Proper gazebo storage is something that a lot of owners overlook. A badly stored gazebo can become damaged quickly, which results in much wasted time and money.It is important that if you do not have a permanent gazebo you should tidy and store all of the necessary parts correctly. This will make the job of finding and re-installing them a lot simpler and a lot less of a chore. Never throw away the original packaging that a standard gazebo comes in. The parts can easily be folded or taken apart and fitted back into the packaging that they arrived in. This will save you a lot of space as opposed to throwing everything into a cardboard box that the gazebo doesn’t fit into properly. Gazebos will often be left unused for long periods of time, particularly during the winter months, and you need to store them in a safe and dry place. Storing the parts in a damp, unused garage will often cause the parts to deteriorate, stain and maybe rust. Never force the gazebo parts into a box if they do not fit correctly – it is always best to have a bigger box that the parts fit into nicely than have a box that’s too small; this can lead to a support pole being snapped or a small tear appearing in the canopy cover. The last thing to remember is to simply use some common sense. Think about where you are storing your gazebo and how you are preparing it for storage. These decisions could make a big difference by the time you come to use it again.
Even if your gazebo is not a permanent structure it can provide the ideal play area for children. Using a gazebo as a play area has a number of benefits; for example, it will encourage the children to be out in the fresh air rather than in the house watching television. They will, therefore, be able to play more active games, rather than the sedentary activity of using games consoles that they may play indoors.It also means that children can play outdoors even if the weather is poor. This is perfect if the space indoors is limited, and also stops them from becoming bored while they are waiting for the sun to shine. On very hot days, it will also provide the shade they need to avoid heat stroke and sunburn. However, an enclosed space may prove to be too warm on very hot days. Children playing indoors can often be noisy and disruptive, particularly if parents are working at home or carrying out chores. Encouraging them to play in the garden will ensure a more peaceful, restful household.If the garden gazebo is being used as a play area furniture is not needed, as children are more than happy with cushions and beanbags. A small table can be added if the children want to eat in the gazebo. If the gazebo is enclosed then it will discourage insects, and allow items such as cushions and toys to be safely left inside overnight.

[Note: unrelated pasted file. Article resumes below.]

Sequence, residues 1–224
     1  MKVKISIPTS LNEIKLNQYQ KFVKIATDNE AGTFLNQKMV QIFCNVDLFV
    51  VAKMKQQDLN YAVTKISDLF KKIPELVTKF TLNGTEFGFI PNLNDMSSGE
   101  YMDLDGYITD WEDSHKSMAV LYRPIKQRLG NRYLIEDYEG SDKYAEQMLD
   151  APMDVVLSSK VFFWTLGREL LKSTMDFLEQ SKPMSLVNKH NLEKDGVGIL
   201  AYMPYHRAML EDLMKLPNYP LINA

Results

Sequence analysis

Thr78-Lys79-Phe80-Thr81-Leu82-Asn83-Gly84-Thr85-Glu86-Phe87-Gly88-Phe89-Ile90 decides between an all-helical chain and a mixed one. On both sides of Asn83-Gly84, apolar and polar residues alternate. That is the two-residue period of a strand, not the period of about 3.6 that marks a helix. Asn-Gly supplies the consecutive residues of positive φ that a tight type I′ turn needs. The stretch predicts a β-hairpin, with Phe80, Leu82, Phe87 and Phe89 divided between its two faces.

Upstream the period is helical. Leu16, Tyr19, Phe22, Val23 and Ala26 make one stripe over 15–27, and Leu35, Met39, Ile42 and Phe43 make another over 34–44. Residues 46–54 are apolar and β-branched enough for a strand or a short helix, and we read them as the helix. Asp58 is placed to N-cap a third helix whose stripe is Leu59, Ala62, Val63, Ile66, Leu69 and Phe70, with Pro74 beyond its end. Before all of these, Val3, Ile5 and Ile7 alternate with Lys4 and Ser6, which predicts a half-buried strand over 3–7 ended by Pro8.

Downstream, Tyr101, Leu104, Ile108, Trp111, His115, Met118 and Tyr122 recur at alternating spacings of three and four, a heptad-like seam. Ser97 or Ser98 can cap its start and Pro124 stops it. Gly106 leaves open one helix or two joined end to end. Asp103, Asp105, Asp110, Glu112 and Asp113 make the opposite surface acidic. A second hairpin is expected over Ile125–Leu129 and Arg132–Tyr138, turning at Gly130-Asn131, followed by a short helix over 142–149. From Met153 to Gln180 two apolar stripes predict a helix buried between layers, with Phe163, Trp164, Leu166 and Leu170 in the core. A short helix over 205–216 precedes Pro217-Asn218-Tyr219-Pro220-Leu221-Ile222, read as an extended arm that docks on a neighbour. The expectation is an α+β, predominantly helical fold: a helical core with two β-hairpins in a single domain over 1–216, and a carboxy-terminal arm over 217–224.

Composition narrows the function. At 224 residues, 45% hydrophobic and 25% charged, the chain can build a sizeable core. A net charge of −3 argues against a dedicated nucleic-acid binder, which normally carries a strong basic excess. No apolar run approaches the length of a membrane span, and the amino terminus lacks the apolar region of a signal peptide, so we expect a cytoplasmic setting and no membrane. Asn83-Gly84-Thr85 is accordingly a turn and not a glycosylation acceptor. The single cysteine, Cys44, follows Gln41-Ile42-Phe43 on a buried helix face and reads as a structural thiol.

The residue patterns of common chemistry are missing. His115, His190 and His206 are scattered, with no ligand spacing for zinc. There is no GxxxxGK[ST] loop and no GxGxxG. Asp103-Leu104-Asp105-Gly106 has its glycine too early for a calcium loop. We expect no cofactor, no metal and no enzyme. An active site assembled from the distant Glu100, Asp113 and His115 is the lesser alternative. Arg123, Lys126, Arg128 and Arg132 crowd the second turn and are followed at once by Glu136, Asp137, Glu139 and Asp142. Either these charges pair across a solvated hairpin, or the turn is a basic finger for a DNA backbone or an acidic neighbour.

Now that the teenagers have taken over the den, you need an extra entertainment area, where you and your friends can have a dinner together; a place where you can kick back, relax, chat, and have sundowners in the evening. You need an adult place where you can express your individual style and be snug in winter and cool in summer, and a place that can expand on lovely summer days, and then hug up close in winter.You’ve thought about renovating the house, bashing out walls, but you know that you can’t take the chaos. So you’ve taken to looking at other properties, but nothing quite offers what you have already in the home you love. If only you had another room to use for entertaining.On those cold winter nights your outdoor patio doesn’t get used much – but wait, what if you transformed the space by adding a wooden gazebo with a dining area, and perhaps a seating area with a small bar? And your dream, a luxurious wooden hot tub.This could be a sanctuary where you can escape to read a book with a glass of wine. You can fill it with palms and plantation style wicker couches with comfort in mind. You can picture the fresh, breezy, cotton chintz fabrics for the canopy. A gas heater would add warmth.Now it’s a visual asset to your home and adds a touch of class and style. All lit up at night, with the lamps and candles glowing, the wood gazebo has completely transformed your home.